Background. Coconut oil, a saturated fat comprised mostly of the medium-chain fatty acid, lauric acid, has become increasingly popular over the past few decades due to its touted anti-inflammatory, metabolic, and lipid-lowering properties. There have been many studies with mixed results evaluating the effects of coconut oil consumption on lipid metabolism and cardiometabolic risk. However, the effects on glucose metabolism are less clear. There are few trials on the effects of coconut oil on glucose homeostasis but no case reports prior to the current one. Case. We present a case of a 66-year-old man with a history of type 2 diabetes managed with insulin who developed recurrent hypoglycemia and required reduction in insulin therapy quickly after consuming coconut oil supplementation. Conclusion. This is the first known case report of coconut oil supplementation in a diabetic patient on insulin resulting in hypoglycemia. Review of the literature shows that coconut oil supplementation can have a favorable effect on glycemic control, possibly through phenolic compounds mediating anti-inflammatory effects. This effect is inconsistent throughout the studies reviewed, likely due to variations in types of coconut oil supplementation and scarcity of trials. Further research is required both in animal models and in humans before coconut oil intake is widely advised and popularized. This is especially true in patients with diabetes, who are at increased risk of cardiovascular disease, and in whom reduction in saturated fat intake is advised.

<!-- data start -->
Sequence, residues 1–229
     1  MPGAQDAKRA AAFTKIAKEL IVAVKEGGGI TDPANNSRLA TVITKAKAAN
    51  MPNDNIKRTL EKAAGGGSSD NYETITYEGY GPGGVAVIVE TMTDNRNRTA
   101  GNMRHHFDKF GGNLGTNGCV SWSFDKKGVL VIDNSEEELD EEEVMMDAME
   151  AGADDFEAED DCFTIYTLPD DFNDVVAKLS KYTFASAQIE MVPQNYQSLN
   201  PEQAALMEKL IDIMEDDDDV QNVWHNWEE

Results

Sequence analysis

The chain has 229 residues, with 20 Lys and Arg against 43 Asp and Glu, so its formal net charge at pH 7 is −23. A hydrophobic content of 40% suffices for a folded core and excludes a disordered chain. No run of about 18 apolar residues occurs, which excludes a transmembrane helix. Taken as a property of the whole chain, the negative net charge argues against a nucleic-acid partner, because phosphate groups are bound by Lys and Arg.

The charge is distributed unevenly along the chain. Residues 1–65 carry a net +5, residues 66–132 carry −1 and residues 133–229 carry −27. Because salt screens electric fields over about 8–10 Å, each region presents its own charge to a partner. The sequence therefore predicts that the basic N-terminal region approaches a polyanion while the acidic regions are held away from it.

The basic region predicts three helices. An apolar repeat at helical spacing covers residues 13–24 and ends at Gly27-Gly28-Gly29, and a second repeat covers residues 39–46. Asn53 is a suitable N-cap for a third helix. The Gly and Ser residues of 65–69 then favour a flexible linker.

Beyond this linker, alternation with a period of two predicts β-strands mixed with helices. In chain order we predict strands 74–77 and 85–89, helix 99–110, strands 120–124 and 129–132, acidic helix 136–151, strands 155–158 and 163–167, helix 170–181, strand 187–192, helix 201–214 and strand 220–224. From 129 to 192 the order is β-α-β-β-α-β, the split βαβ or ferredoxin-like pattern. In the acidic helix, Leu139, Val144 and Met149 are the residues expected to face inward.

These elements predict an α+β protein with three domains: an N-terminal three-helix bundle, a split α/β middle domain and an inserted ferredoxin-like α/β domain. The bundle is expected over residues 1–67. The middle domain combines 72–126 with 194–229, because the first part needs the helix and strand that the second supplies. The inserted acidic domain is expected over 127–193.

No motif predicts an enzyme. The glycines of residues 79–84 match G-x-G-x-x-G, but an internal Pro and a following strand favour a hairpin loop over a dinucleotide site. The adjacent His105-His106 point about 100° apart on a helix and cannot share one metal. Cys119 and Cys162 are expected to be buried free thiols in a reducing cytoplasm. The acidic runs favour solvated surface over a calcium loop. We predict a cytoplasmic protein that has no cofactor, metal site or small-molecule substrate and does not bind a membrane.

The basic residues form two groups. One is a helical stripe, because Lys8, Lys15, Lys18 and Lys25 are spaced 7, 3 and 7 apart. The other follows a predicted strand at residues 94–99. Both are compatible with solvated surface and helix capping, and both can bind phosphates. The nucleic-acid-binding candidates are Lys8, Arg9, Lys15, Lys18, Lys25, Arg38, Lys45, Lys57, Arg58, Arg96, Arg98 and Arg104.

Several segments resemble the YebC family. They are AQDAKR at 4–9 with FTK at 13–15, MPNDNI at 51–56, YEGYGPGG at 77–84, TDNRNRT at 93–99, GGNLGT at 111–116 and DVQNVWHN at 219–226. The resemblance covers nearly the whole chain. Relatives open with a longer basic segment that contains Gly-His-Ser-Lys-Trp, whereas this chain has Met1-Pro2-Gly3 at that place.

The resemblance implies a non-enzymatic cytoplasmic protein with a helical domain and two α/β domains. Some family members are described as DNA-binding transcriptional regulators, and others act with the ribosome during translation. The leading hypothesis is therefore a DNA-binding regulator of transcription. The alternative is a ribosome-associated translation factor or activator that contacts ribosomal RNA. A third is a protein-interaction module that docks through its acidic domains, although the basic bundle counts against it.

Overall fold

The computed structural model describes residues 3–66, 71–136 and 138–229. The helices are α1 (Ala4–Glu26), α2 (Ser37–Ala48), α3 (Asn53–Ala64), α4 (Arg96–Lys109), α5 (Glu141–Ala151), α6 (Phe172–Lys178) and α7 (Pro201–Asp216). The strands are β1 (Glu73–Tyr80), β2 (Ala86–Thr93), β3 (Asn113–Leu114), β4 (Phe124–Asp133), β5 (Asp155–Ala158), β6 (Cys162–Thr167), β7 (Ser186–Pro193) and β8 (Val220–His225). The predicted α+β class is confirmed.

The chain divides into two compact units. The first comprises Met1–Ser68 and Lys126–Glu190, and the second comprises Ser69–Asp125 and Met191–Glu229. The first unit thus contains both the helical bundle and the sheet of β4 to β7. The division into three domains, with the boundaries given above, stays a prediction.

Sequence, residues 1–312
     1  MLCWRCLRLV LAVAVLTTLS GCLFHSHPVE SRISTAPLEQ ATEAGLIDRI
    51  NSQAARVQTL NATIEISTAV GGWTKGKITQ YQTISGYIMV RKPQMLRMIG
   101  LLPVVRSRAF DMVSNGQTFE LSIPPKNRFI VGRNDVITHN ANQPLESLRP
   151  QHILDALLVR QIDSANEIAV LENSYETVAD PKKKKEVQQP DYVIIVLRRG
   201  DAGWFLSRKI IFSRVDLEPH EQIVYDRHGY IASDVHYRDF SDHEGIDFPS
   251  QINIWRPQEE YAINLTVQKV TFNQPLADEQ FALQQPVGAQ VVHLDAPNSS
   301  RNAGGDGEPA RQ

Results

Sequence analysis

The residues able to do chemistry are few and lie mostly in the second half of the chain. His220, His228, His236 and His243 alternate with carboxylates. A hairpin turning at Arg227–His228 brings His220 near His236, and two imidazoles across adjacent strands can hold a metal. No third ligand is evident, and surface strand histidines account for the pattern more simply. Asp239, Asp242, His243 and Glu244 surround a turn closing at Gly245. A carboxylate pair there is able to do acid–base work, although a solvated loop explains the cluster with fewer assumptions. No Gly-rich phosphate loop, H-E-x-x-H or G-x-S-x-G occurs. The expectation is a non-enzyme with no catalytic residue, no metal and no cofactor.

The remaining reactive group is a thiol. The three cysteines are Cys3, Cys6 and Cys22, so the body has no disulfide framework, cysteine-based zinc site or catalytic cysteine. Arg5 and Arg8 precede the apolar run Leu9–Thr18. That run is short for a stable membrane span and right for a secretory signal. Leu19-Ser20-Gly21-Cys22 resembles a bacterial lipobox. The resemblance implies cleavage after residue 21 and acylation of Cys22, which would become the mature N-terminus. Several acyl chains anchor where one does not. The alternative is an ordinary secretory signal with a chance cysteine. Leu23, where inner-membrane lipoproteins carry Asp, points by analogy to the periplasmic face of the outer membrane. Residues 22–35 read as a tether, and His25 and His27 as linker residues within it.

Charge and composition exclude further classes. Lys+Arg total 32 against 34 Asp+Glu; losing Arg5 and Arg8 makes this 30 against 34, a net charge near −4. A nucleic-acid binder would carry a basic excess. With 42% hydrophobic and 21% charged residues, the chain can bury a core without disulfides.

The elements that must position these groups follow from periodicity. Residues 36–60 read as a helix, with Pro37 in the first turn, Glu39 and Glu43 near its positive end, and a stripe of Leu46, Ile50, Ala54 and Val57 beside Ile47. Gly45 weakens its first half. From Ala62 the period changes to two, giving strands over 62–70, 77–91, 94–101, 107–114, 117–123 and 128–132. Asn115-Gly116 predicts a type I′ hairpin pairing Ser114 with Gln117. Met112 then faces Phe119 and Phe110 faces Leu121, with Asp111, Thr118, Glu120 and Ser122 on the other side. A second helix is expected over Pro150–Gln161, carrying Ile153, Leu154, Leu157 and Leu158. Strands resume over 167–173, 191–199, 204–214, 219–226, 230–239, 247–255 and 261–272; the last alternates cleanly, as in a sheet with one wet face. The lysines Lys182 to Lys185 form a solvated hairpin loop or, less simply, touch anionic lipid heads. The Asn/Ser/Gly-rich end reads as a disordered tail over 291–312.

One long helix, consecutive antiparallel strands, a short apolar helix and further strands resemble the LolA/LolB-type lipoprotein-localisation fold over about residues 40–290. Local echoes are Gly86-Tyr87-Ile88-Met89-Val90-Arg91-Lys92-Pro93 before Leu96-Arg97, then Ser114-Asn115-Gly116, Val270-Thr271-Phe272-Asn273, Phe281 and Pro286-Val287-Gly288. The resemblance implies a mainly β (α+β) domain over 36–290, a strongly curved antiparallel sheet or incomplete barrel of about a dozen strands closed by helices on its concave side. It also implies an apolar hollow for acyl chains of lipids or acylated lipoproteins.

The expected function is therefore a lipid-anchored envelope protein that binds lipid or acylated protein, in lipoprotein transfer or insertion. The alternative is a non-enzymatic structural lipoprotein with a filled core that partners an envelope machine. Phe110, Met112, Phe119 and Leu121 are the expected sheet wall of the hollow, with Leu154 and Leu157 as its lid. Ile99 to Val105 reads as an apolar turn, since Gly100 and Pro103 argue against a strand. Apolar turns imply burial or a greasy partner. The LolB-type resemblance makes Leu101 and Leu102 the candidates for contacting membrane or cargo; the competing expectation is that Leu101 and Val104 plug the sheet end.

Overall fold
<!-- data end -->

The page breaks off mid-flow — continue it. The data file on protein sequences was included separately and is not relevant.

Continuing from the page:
1. Background

The use of coconut oil has become increasingly popular over the past few decades due to claims regarding anti-inflammatory, metabolic, and lipid-altering properties. As a result, there has been an increase in demand for research and clinical trials to evaluate the cardiometabolic and energy metabolism effects of coconut oil. The usual coconut oil commercial product is obtained from the fresh mature kernel of the coconut plant as either refined, bleached, and deodorized coconut oil or, more recently, virgin (i.e., unrefined) coconut oil [1, 2]. The predominant type of fat in coconut oil is lauric acid (comprising about 50%), with smaller amounts of myristic and palmitic acid. Lauric acid is a saturated fatty acid (SFA) with a structure that is C12 : 0, classifying it as a medium-chain fatty acid (MCFA) [1]. While recent dietary guidelines have recommended a diet low in SFA, specifically aiming for less than 10% of daily total caloric intake and replacing SFA with unsaturated fats [3, 4], coconut oil’s medium-chain fatty acid property, as well as its high content of polyphenolic compounds, which have been implicated in its anti-inflammatory and enhanced metabolism qualities [5], has been thought to be the basis to its possible health benefits. For this reason, it has been proposed that coconut oil not be considered in the same context as other saturated fats and has been termed by some proponents as a “healthy fat” [6, 7].